Shining a Light Into a Dark World

By Gemma Handy

READING a newspaper or sitting down with a good book is something most of us take for granted.

But for 22-year-old Stephen Stubbs it’s a skill that required much dedication and mastery of a host of hi-tech equipment.

Born totally blind, Stephen demonstrated an aptitude for the cutting edge computer software which has revolutionised his life and stunned his teachers in the process.

Now Stephen, from Providenciales, hopes to put his new-found skills to the test to fulfil his lifelong dream of becoming a DJ.

The former SNAP centre student, currently living in Canada where he attended W. Ross Macdonald School for the Blind, returned home last week for several days of intensive training in the pioneering technology.

It included instruction in JAWS (job access with speech), a screen reader for visually impaired users, and the Kurzweil system which comprises state-of-the-art reading technology.

It enables scanned-in text to be read aloud to Stephen which, as tutor Michelle Alway says, has opened up a whole new world for him.

“This is comparable to giving a wheelchair to someone who can’t walk,” she told the Weekly News.

“It has given him independence. Stephen is a fantastic student who is so willing to learn and put the required effort into it.”

Stephen attended the Ontario-based school for the blind thanks to assistance from special needs charity, One World Foundation.

During his two and a half years there he learned an abundance of life skills which enable him to live almost entirely independently.

“Going to school in Canada was the greatest experience I ever had,” he said.

“I had never been outside the country before I went there so I was excited about that.”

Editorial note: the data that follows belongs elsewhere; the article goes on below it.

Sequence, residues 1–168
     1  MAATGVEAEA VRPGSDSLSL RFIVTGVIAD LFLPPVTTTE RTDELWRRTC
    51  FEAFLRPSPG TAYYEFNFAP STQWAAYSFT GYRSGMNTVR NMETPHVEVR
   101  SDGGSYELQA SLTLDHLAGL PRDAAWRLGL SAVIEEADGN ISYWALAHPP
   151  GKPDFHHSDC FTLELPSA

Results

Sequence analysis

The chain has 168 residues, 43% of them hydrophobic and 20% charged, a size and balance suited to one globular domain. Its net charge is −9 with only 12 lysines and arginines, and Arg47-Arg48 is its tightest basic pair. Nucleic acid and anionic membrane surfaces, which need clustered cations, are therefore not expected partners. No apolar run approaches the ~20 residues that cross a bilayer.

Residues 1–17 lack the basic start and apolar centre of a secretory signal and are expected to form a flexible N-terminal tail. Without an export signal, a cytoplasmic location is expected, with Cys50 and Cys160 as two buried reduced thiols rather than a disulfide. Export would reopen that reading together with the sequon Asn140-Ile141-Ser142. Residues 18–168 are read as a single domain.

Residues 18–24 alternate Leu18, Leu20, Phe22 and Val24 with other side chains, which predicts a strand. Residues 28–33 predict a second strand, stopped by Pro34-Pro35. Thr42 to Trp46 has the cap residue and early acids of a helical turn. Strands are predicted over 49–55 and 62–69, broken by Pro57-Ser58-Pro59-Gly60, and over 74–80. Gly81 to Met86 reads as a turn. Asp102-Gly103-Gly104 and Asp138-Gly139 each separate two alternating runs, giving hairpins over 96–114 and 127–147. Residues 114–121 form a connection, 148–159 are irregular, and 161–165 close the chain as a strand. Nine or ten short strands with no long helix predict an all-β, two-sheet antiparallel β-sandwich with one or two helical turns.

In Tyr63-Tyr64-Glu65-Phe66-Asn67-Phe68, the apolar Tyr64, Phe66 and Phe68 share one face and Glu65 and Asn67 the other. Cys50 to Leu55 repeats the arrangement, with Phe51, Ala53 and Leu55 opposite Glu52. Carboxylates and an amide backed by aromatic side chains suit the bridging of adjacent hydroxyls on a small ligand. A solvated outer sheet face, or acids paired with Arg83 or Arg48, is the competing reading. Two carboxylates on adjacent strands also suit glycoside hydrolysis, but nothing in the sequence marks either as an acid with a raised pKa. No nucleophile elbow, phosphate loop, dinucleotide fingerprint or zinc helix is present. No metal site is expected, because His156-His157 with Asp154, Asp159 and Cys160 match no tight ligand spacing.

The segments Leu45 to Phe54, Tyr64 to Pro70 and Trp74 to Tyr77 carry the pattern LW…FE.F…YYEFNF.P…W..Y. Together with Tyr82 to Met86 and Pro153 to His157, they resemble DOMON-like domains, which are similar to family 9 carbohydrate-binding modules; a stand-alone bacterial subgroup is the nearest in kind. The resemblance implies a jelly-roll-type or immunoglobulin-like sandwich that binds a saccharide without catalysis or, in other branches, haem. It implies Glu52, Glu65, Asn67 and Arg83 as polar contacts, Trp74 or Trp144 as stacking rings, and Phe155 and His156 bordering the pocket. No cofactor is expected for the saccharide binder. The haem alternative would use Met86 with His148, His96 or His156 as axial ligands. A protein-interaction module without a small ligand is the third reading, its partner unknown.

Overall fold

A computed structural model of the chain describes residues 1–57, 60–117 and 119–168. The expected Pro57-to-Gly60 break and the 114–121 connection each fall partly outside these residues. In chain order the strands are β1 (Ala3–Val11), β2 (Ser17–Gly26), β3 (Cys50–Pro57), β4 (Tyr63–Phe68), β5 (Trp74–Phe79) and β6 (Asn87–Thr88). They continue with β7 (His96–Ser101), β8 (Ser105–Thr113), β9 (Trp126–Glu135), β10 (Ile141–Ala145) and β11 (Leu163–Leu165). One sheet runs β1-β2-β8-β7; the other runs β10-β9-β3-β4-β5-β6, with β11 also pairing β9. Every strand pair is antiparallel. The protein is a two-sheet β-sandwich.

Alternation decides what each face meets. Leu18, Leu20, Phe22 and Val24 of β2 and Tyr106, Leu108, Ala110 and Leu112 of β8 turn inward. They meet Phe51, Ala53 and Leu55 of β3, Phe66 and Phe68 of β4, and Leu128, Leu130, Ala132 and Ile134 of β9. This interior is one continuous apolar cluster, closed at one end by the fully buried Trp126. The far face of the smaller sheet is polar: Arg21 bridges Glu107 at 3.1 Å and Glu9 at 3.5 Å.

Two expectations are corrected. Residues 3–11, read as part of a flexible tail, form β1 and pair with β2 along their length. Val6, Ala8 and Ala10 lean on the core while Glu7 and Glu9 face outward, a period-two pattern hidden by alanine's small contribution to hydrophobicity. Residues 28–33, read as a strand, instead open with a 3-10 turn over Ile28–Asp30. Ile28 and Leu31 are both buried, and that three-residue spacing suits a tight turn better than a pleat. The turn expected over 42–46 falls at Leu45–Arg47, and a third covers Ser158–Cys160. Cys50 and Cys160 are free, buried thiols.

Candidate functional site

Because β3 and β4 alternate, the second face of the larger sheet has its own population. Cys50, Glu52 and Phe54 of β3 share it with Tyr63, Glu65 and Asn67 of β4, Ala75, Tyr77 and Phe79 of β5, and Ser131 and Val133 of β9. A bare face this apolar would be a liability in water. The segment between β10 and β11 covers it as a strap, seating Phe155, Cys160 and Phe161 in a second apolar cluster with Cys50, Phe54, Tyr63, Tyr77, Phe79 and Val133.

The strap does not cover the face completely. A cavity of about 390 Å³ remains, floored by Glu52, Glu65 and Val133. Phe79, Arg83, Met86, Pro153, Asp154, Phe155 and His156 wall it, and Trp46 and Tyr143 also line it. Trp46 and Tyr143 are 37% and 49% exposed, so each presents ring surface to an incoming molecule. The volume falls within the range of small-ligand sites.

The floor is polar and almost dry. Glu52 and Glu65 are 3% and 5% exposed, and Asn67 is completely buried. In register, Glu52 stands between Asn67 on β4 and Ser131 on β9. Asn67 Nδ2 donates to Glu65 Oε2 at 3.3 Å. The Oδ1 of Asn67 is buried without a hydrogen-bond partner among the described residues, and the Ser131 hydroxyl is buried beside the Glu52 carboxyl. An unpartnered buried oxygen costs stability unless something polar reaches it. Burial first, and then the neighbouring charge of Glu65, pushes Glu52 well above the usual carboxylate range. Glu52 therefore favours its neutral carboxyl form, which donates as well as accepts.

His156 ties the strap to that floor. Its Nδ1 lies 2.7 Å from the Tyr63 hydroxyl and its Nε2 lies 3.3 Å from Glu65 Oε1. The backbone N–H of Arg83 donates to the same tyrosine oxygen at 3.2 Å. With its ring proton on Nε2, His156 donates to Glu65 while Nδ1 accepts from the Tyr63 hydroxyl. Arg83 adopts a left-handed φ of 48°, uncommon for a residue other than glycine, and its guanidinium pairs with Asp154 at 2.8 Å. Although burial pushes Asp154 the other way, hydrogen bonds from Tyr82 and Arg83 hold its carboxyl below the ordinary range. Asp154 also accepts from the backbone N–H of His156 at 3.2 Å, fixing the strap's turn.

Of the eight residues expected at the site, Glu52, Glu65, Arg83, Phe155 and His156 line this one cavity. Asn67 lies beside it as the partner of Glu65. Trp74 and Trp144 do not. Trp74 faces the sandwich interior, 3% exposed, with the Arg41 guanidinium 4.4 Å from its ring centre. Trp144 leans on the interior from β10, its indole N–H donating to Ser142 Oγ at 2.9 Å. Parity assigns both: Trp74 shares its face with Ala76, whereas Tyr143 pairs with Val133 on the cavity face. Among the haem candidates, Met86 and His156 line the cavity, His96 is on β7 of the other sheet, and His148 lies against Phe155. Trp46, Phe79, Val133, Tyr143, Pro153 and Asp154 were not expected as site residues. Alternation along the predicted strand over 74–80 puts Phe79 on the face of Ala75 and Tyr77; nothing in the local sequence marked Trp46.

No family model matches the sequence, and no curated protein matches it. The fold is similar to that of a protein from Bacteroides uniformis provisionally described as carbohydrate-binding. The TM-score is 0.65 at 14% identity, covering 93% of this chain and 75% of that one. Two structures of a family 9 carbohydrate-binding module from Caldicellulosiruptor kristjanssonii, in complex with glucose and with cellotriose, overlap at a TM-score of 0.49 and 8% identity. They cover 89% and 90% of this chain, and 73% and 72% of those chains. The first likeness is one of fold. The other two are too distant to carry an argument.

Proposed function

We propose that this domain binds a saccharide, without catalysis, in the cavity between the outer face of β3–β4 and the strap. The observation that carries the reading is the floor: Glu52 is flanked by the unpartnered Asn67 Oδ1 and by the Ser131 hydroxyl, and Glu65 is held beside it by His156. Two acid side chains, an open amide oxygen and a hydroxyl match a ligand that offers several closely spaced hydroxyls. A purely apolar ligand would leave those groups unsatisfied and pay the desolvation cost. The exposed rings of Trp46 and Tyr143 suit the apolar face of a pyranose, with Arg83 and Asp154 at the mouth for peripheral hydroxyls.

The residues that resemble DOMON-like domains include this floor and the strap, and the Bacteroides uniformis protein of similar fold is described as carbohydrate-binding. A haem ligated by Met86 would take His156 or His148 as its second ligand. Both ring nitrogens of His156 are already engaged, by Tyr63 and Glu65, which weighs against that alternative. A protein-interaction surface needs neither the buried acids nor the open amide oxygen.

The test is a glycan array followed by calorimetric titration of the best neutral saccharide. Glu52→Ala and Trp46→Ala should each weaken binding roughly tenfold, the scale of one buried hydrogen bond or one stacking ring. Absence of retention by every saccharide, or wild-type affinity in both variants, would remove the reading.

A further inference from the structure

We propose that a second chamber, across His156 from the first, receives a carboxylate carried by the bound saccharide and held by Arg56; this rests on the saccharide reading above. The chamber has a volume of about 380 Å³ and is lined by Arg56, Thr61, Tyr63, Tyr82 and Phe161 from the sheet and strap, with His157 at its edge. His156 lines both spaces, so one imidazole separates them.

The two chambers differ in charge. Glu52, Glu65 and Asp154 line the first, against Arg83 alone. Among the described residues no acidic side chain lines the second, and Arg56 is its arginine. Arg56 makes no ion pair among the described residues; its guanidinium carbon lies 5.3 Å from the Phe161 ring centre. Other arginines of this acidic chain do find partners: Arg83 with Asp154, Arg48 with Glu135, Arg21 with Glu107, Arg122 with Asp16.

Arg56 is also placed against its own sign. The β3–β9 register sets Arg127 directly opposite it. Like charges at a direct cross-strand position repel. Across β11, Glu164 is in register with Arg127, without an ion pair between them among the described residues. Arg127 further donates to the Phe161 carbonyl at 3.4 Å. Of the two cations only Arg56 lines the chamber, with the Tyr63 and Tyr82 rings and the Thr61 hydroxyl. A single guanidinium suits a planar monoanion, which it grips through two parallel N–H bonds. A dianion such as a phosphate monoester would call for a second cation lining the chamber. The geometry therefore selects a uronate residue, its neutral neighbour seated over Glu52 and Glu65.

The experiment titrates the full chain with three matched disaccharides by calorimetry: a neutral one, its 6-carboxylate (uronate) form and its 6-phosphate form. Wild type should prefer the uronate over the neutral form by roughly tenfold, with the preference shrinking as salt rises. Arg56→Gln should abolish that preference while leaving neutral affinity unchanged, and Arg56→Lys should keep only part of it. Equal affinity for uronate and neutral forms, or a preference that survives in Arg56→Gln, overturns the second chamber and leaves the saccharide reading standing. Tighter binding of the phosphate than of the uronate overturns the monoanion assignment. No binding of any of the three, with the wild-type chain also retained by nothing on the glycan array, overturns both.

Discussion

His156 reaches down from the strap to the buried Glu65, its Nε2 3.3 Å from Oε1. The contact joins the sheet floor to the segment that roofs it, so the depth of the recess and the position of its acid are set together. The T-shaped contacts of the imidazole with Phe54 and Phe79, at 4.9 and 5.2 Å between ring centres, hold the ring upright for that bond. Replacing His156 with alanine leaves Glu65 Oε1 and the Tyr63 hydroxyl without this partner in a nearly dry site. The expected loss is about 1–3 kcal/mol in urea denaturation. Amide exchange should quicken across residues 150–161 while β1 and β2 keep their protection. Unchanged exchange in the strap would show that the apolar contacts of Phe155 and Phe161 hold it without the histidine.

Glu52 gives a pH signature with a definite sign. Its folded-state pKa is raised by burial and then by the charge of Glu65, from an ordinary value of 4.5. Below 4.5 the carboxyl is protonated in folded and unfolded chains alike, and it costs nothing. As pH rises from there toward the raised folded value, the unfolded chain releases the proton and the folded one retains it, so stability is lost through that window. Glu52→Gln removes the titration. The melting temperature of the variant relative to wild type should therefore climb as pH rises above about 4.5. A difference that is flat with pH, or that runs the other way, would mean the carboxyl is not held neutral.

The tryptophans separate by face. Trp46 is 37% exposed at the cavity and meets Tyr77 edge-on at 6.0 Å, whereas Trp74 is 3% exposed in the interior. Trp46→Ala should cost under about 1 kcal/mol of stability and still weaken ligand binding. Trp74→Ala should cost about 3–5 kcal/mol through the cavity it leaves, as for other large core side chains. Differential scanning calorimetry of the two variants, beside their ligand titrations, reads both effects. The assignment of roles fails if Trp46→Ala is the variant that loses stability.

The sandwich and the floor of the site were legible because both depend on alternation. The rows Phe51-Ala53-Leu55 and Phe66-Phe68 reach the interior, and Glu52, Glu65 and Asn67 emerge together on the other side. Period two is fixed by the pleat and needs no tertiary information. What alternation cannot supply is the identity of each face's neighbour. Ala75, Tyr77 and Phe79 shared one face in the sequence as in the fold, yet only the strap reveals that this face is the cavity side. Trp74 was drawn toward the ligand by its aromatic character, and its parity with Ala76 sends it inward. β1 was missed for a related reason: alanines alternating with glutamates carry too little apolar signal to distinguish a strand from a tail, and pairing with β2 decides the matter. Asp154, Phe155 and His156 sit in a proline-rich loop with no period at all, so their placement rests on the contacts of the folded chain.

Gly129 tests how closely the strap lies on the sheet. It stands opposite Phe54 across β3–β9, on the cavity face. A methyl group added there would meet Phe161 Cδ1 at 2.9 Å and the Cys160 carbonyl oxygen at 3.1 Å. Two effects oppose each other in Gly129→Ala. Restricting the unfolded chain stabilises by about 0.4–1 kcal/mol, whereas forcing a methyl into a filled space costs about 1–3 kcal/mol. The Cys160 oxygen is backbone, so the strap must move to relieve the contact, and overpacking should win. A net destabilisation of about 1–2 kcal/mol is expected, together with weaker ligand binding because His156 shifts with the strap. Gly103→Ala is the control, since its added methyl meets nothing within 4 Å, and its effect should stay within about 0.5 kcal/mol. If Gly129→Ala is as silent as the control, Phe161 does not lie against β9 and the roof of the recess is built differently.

Stephen, who said one of the biggest initial challenges was adjusting to the cold weather, even embarked on a wrestling programme often fighting against sighted opponents.

When he first embarked on IT tuition with Michelle in October 2007, he had never touched a keyboard.

Remarkably, he was computer literate within months.

Stephen is now looking forward to returning home where he has already secured a four-day a week volunteer position with Radio Turks & Caicos.

“I’m excited about the job, I love DJ-ing and hopefully this will help me in the long-run,” he said.

“It’s always been my dream, ever since I was a boy, to become a DJ so I want to fulfil that destiny.”

He said the computer equipment and software, which is so advanced he can create his own radio shows, had changed his life.

In addition to allowing him to ‘read’, he can also email and use it to play all his favourite music.

Last week’s special training was a joint initiative between One World Foundation, Providenciales Rotary Club, the TCI Government and Beaches Resort & Spa which provided accommodation for Stephen and Michelle.

Kenneth Barnes, from the Department of Social Development, said the scheme was a “step in the right direction”.

“This just shows how people with disabilities can be independent with the right training and resources.

“We are looking at how we can help people with similar disabilities to become as independent as Stephen.

“I would really thank Beaches for providing the accommodation, Rotary for the technical support and One World Foundation for always being there for people with disabilities.”

Mr Barnes said he hoped to encourage people from the private sector to come on board too.

“We hope other corporate entities can extend that benevolence,” he added.

Anyone interested in helping out is asked to call Kenneth Barnes in Providenciales on 946 4016 or Earl Fulford in Grand Turk on 946 2682.

Reproduced from http://www.tcweeklynews.com/default.asp?sourceid=&smenu=85&twindow=Default&mad=No&sdetail=1526&wpage=&skeyword=&sidate=&ccat=&ccatm=&restate=&restatus=&reoption=&retype=&repmin=&repmax=&rebed=&rebath=&subname=&pform=&sc=2404&hn=tcweeklynews&he=.com